I grew up in New York City and lived in Lancaster, Pennsylvania; Goshen, Indiana; DeKalb, Illinois; and Salt Lake City, Utah before coming to Utica, New York. My mother’s family is Swiss-German Mennonite (i.e., it’s an ethnicity, not necessarily a theological persuasion) and my father’s family is Puerto Rican. I have a Ph.D. in English and currently teach at Utica College. I have also taught at Northern Illinois University and Westminster College in Salt Lake City.
My teaching and scholarship are motivated by a passion for social justice, which is why my research is deeply influenced by queer writers of color and resides at the intersection of queer theory, affect theory, and disability studies. All of these fields play a role in my book Queering Mennonite Literature: Archives, Activism, and the Search for Community (Penn State University Press, 2019). As part of my interest in archiving, I maintain the three Mennonite/s Writing bibliographies that were initially compiled by Ervin Beck in the 1990s.
While I primarily read and write about prose, I am also a devoted reader of poetry because, as William Carlos Williams writes, “It is difficult / to get the news from poems / yet [people] die miserably every day / for lack / of what is found there.” Thinkers who influence me include Marina Abramovic, Di Brandt, Ana Castillo, Ann Cvetkovich, Samuel R. Delany, Jeff Gundy, Essex Hemphill, Jane Jacobs, Julia Spicher Kasdorf, Audre Lorde, Carmen Maria Machado, Sofia Samatar, Walt Whitman, and the New York School of poets. I am also fond of queer Mennonite writers such as Stephen Beachy, Jan Guenther Braun, Lynnette D’anna, and Casey Plett.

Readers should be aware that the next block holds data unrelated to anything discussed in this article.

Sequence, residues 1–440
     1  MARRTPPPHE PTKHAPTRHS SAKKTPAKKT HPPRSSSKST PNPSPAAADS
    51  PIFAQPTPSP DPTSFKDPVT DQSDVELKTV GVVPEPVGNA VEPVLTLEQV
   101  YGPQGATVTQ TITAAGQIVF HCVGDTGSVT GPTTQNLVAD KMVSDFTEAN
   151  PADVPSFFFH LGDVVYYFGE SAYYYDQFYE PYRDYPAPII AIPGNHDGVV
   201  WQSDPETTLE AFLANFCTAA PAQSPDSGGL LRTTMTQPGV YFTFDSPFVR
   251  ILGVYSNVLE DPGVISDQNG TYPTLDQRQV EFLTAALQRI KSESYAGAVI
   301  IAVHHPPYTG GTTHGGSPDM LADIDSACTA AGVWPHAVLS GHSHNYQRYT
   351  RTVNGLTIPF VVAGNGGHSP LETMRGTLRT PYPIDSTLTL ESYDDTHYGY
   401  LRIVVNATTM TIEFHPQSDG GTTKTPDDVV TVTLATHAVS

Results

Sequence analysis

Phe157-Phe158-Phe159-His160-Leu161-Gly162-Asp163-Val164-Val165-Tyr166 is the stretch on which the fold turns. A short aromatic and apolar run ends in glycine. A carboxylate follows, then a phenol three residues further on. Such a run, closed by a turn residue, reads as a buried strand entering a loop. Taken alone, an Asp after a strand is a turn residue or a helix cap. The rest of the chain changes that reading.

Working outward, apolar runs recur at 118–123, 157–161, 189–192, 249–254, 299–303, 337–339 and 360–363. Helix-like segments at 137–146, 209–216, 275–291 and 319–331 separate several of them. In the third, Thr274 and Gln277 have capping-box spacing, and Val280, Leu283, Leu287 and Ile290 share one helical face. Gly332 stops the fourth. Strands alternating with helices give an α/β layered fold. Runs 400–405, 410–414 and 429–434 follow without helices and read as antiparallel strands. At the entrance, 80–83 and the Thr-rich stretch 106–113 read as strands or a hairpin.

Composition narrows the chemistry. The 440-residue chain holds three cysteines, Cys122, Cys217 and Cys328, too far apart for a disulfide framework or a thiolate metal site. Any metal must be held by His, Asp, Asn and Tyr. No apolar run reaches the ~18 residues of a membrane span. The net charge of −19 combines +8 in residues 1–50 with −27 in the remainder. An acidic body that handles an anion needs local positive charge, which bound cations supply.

In my free time I’m either reading, writing the occasional poem, playing board games, watching sports (Let’s Go, Mets!), or cooking (curries, stews, roasts…).
My blog at this point is mostly a log of the books I acquire, though occasionally I will post about other topics.